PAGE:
Murphy said that he was optimistic the government would act. He attended yesterday’s “Defending the Whistleblowers” event at the Melbourne Press Club, where Centre Alliance senator Rex Patrick, ATO whistleblower Richard Boyle and journalist Adele Ferguson spoke. At the event, Patrick called for an end to the prosecution of Boyle. Murphy said it emerged in questioning from host Michael Rowland that Boyle was subject to travel restrictions. “He had to go to a court hearing before a magistrate to get approval to travel to Melbourne, to go to the event,” said Murphy. “It’s tinpot dictatorship stuff. It’s unbelievable.”
“The Victorian government needs to come clean on what its plan is and explain to the Victorian people why they are happy to undermine the reliability of their electricity system. They are having no impact on global emissions and global temperature; they’re too small to have an impact.”
Federal minister for energy and emissions reduction Angus Taylor has a crack at Victoria for reducing emissions.
Protest in Hong Kong
As millions protest on the streets of Hong Kong, the democratic freedoms promised in the handover to China are being tested. Louisa Lim on the character of the movement and the changes for which it is asking.
The record low proportion of Australians who trust China to act responsibly, according to a Lowy Institute poll, a 20-point plunge from the survey in 2018 (although this is higher than the proportion who trust US president Donald Trump to be a positive global actor).
“It is now evident that the US believes that the rule-based trading system – in its current form – is not capable of dealing with China’s economic structure and policy practices. Many of these concerns are legitimate. Forced technology transfer is unfair. Intellectual property theft cannot be justified. Industrial subsidies are promoting over-production. China’s rise has now reached a threshold level of economic maturity.”
“The word ‘culture’ comes from the Latin cultura, which means ‘agriculture’. It shares roots with the word colonia – the ancestor of the English word ‘colony’ – which in Latin means farmed or settled land. Language – in this case, etymology – can be a rope around our tongue, tying us to history, and to the stories of the past. Those stories are often unpleasant but it is our responsibility to reckon with them.”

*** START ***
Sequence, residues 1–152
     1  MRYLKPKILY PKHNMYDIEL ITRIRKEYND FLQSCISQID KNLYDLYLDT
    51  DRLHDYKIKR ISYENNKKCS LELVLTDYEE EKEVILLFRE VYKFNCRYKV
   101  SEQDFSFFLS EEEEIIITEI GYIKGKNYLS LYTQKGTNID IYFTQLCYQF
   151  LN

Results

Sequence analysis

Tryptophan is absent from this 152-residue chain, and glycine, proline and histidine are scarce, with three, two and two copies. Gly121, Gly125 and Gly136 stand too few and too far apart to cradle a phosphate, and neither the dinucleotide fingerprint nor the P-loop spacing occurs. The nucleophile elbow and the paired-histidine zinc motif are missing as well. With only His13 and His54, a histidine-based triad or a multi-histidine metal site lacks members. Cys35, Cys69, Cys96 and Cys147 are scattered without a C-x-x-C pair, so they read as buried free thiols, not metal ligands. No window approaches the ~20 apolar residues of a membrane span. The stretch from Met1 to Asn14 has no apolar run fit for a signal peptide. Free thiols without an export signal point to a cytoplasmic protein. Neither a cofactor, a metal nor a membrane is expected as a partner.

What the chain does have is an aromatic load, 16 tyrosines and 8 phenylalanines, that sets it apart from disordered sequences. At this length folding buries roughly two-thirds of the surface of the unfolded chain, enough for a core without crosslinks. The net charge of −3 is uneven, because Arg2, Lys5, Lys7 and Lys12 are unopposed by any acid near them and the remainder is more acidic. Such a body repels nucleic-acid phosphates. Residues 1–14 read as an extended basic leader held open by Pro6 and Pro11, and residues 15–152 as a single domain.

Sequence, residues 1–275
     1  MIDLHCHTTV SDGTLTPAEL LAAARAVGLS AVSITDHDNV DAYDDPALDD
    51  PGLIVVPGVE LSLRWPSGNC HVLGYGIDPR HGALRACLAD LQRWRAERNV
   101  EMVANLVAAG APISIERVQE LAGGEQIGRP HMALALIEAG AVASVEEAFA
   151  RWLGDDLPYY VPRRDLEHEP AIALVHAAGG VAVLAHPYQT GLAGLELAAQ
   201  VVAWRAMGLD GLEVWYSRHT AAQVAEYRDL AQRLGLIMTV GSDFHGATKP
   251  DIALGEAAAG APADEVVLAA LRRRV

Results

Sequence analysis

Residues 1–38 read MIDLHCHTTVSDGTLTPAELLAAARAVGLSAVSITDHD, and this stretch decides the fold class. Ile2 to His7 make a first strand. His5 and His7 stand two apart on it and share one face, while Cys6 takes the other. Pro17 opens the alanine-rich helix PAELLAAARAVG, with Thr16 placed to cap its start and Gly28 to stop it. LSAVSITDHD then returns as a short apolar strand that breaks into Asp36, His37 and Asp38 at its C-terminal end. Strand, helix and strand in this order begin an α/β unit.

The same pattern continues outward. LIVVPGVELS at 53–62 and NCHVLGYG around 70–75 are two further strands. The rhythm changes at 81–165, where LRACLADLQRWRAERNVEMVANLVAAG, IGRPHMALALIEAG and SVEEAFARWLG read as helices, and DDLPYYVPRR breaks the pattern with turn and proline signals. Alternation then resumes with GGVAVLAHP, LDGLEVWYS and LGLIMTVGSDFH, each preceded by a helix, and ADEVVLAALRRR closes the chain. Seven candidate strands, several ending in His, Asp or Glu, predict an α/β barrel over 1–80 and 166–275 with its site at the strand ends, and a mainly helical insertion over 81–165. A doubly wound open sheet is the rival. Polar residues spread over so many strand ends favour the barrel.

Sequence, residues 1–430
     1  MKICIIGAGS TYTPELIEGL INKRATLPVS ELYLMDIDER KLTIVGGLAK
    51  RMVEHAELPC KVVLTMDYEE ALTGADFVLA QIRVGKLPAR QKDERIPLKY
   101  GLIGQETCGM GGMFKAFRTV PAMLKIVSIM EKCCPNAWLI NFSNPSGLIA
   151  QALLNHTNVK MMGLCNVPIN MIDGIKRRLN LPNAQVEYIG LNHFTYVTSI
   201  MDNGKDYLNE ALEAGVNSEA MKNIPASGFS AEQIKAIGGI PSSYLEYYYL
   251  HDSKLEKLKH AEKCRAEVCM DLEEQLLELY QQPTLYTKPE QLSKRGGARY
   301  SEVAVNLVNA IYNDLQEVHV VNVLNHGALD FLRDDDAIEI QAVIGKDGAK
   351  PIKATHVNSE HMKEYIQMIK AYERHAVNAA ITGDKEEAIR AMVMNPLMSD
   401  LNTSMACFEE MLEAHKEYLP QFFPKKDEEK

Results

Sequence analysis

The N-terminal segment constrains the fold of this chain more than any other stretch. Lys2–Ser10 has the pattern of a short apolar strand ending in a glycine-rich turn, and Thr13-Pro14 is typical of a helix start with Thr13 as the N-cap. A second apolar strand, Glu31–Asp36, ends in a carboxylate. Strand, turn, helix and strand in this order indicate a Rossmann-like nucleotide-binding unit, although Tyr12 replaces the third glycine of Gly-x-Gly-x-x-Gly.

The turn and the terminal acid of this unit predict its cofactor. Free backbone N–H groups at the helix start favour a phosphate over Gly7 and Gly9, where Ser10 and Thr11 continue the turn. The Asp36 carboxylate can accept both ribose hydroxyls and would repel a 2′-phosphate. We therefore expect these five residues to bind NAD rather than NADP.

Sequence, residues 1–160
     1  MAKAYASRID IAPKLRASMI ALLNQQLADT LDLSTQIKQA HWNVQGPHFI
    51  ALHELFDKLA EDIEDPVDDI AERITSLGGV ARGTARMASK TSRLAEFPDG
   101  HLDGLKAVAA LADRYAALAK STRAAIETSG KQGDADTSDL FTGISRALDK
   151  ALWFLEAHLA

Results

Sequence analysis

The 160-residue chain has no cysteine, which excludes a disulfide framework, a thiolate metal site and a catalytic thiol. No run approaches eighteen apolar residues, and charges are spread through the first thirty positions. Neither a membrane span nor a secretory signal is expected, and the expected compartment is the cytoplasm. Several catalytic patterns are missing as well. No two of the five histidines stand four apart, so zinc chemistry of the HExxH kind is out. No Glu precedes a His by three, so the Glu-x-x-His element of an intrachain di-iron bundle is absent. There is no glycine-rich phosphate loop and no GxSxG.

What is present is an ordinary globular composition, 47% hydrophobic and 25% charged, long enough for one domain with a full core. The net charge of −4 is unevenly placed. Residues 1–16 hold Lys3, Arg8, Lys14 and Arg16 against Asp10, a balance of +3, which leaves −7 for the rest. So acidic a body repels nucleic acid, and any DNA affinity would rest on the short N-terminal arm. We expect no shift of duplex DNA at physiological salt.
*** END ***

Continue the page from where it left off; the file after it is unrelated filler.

“If Australians want our essential community services to be delivered by the best possible staff, a right to select employees based on religion must never be enshrined in law. We need to defend the services everyone pays for, most people will use at some point in their lives, and generations of Australians fought to create as an integral component of a just, inclusive and compassionate society.”
“The nerd in me is still utterly fascinated by what parliaments do in the abstract sense. Here is a physical place structured to make and justify binding decisions, an architecture of choice and consequence. On induction – well after election but well before you get to take your seat – you get three days of Senate School, conducted by people who live and breathe the building’s sombre role as a brake on tyranny ... My political theory – that we should all just be nicer to each other – was dashed before I’d even started.”
Paddy Manning is contributing editor (politics) at The Monthly and has worked for the ABC, Fairfax, Crikey and The Australian. He is also the author of three books, including a recently updated unauthorised biography of Malcolm Turnbull, Born To Rule?
The country’s three most powerful media executives united today to defend press freedom, demanding urgent legislation to protect journalists and whistleblowers in the wake of the twin federal police raids on the ABC and the home of News Corp’s Annika Smethurst earlier this month. ABC managing director David Anderson described the trio as an “unlikely coalition of the willing”, adding that “decriminalising journalism is the mandatory first step”. Nine chief Hugh Marks called for an immediate overhaul of the mess of laws affecting press freedom – “the stuff of pantomime, were it not so serious”. News Corp Australia executive chairman Michael Miller said the purpose of the raids was “intimidation, not investigation”, and directed his closing line to Scott...